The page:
My Cat is Hissing: What Does it Mean?
Most cat owners have encountered a hissing cat at least once, and it can be pretty disarming. After all, cats use hissing as a way to get people and animals away from them when they are feeling nervous, frightened, or protective. In these moments, many people wonder what hissing in cats means.
There are many different reasons why cats hiss. Most of the time a cat will hiss when they are feeling threatened, anxious, or frightened. However, sometimes cats will also hiss when they are in pain or if a mother cat feels the need to protect her kittens.
In this article we will explain all of the reasons why cats hiss. In addition to this, we will also explain how to calm down a hissing cat and answer some commonly asked questions about cats hissing. Let’s get right into it.
What Does It Mean When a Cat Hisses at You?
There are multiple reasons why cats will hiss. Most of the time hissing is a sign that a cat is feeling anxious, frightened, or agitated. However, there are some other reasons why a cat will hiss as well. For example, a mother cat may hiss if she feels that her kittens are threatened. Similarly, cats will also hiss if they are in pain. Here are all of the reasons why a cat will hiss.
The Cat Feels Nervous
Most of the time a cat will hiss because they are feeling nervous or anxious about something. If a cat is experiencing anxiety then they may exhibit other signs of anxiety along with hissing. Here are some other signs of anxiety in cats to look out for.
- Tail flicking
- Stiff body language
- Dilated pupils
- Ears held back
- Attempting to escape
- Hair standing on end
- Tail kept against their body
If a cat continues to get increasingly anxious, then they may lash out aggressively after hissing. This can potentially include swatting, clawing, and biting. As a result, it is a good idea to not handle your cat and approach them cautiously if you believe that they are incredibly nervous or anxious.
The Cat Is Protecting Their Litter
Mother cats will protect their kittens at all costs, and usually the first line of defense for a mother cat is to hiss. As a result, a mother cat may hiss at you if you approach their litter and this is perceived as a threatening action to the mother cat.
The Cat Is in Pain
Cats will often hiss when they are in pain as well. For example, if your cat has injured themselves, and you pet them or pick them up, your cat may hiss in pain because of the injury. Although not every cat will show signs of pain, there are some other signs that some cats may potentially show when they are experiencing pain. Here are some other potential signs of pain in cats in addition to hissing.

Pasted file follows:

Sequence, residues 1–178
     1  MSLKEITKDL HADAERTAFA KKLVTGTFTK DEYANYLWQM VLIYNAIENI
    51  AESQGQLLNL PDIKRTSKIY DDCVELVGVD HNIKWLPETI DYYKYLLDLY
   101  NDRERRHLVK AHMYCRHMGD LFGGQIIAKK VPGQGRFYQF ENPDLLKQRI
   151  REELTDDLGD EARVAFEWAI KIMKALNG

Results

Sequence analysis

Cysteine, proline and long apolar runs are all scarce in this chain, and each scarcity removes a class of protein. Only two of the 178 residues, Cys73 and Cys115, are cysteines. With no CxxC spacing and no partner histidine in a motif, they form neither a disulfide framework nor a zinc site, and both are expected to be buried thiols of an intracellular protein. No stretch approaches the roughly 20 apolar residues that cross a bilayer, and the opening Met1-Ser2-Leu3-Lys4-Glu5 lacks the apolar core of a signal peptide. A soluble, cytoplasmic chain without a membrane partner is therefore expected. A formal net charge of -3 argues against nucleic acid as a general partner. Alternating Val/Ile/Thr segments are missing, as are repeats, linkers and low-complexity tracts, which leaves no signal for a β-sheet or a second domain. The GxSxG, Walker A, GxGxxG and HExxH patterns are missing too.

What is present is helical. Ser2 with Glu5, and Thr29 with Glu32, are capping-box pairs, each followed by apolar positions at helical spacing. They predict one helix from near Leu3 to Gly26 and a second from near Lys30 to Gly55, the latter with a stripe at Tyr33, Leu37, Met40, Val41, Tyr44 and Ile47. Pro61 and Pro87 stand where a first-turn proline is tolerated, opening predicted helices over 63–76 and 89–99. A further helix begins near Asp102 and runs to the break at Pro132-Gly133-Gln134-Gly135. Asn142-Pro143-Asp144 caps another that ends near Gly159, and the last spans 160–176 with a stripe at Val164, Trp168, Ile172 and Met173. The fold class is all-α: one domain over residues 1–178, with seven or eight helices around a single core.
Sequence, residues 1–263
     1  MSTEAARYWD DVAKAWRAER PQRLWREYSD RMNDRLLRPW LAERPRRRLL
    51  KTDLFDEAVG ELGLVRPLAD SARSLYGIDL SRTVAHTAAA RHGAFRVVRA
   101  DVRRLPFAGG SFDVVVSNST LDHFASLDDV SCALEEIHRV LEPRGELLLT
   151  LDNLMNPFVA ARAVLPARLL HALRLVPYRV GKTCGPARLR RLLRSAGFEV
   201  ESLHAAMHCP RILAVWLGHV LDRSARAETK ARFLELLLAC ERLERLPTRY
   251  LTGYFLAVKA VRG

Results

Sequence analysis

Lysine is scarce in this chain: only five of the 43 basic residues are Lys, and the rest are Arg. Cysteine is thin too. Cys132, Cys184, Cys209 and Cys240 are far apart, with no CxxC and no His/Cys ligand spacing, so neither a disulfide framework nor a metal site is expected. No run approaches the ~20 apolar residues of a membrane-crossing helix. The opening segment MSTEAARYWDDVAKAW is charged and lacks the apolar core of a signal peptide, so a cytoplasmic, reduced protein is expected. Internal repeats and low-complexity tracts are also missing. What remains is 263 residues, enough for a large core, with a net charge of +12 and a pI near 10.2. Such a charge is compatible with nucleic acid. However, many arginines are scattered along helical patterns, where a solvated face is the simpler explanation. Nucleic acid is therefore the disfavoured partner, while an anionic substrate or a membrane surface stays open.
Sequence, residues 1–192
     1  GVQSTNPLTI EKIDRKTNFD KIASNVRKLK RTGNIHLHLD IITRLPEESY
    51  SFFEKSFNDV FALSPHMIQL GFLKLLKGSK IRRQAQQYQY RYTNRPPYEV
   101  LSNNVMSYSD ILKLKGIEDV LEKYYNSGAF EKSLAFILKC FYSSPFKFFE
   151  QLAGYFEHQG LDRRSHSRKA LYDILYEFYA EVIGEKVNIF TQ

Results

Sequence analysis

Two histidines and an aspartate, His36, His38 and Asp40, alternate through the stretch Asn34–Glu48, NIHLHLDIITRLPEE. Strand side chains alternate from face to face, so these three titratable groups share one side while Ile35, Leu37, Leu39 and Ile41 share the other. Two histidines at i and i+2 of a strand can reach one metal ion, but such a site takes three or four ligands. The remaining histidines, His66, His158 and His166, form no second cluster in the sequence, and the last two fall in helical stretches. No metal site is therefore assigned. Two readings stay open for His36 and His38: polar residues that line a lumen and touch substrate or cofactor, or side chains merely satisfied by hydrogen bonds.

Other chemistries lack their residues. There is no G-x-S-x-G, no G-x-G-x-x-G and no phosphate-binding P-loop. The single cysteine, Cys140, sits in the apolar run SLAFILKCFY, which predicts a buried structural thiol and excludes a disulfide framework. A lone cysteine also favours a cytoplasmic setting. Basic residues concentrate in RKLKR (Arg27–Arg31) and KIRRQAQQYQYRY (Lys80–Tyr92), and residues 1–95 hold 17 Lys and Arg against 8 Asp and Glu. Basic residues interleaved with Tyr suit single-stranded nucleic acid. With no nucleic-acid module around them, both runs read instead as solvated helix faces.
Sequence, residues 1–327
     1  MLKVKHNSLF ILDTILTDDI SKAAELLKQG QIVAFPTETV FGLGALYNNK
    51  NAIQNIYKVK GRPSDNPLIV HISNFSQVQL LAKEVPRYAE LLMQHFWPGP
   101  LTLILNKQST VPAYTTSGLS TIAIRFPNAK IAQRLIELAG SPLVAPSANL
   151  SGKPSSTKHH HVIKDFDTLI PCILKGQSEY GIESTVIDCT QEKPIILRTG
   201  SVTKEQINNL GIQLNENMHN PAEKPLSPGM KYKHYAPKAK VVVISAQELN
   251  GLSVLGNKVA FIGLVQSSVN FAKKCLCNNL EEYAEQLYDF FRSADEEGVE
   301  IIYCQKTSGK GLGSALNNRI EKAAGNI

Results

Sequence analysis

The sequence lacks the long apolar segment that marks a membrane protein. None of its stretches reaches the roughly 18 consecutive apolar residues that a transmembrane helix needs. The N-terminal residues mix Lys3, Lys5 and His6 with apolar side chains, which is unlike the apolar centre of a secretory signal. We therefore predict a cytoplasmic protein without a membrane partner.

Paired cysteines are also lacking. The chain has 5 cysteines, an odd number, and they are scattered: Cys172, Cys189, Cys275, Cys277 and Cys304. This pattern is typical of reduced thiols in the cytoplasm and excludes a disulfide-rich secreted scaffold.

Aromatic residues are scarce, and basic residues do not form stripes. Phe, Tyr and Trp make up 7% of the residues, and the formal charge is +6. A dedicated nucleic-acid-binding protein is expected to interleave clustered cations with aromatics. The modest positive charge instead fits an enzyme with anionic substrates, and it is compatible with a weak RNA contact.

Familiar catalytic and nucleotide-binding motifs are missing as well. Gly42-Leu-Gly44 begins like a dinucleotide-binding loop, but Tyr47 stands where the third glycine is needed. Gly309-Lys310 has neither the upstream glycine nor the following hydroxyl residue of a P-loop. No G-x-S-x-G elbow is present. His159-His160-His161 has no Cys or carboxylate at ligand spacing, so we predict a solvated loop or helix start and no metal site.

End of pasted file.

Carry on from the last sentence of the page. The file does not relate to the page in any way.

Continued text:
- Reduced appetite
- Having difficulty walking
- Having difficulty jumping
- Abnormal body language (appearing scrunched, stiff, or just unusual)
- Tail flicks
- Yowling or growling
- Signs of eye irritation such as excessive blinking and avoiding bright areas
- Excessive grooming
- A sudden lack of grooming
- Mood changes
- Avoiding being pet or touched
If you believe that your cat is experiencing any kind of pain, then the best thing that you can do is take your cat to the vet as soon as possible.
The Cat Is Interacting with Other Pets
Cats will sometimes hiss when interacting with other pets like dogs and other cats. Most of the time this is because the other animal is making the cat nervous or agitated. However, a cat will also hiss at another animal if they are frightened by them or are just generally in pain.
The Cat Feels Frightened
Cats will hiss when they feel frightened by something. In this case, hissing is usually a precursor to aggressive behaviors like biting or swatting. A cat that is frightened will often appear to be crouched with ears pinned back against their head. A frightened cat’s eyes will usually be dilated as well.
When dealing with a frightened cat it is a good idea to approach them very cautiously, and this is only if you absolutely need to. When left alone a cat will likely go hide somewhere that they feel safe and calm down over time. Trying to touch or pick up a frightened cat is not likely to end well, however.
The Cat is Agitated
Sometimes cats will also hiss simply because they are feeling irritated or annoyed by something. A cat that appears confident while hissing is likely doing so because something is simply agitating them.
Why is My Cat Hissing at Me All of A Sudden?
There are a few different reasons why cats will hiss out of the blue. However, if this kind of behavior is particularly strange for your cat then this could be a sign that they are in pain. As a result, it is a good idea to take your cat to the vet if they are hissing at you all of a sudden.
Why Does My Cat Hiss at Me When I Pet Her?
There are a couple possible reasons why a cat would hiss while their owner is petting them. Most of the time this is a sign that the cat simply does not like the way that their owner is petting them. A cat that does not like how they are being petted may appear to be either agitated or nervous. If the cat’s hissing seems to be out of the blue and strange, then this could be a sign that your cat is in pain and needs to see a vet.
How Do You Calm a Hissing Cat?
When possible the best way to calm a hissing cat is to back off and allow the cat to retreat to a place where they feel safe. The only time that you should intervene is if a cat is hissing at one of your other pets in order to prevent a fight or the hissing cat from lashing out. When doing this you should act very cautiously.
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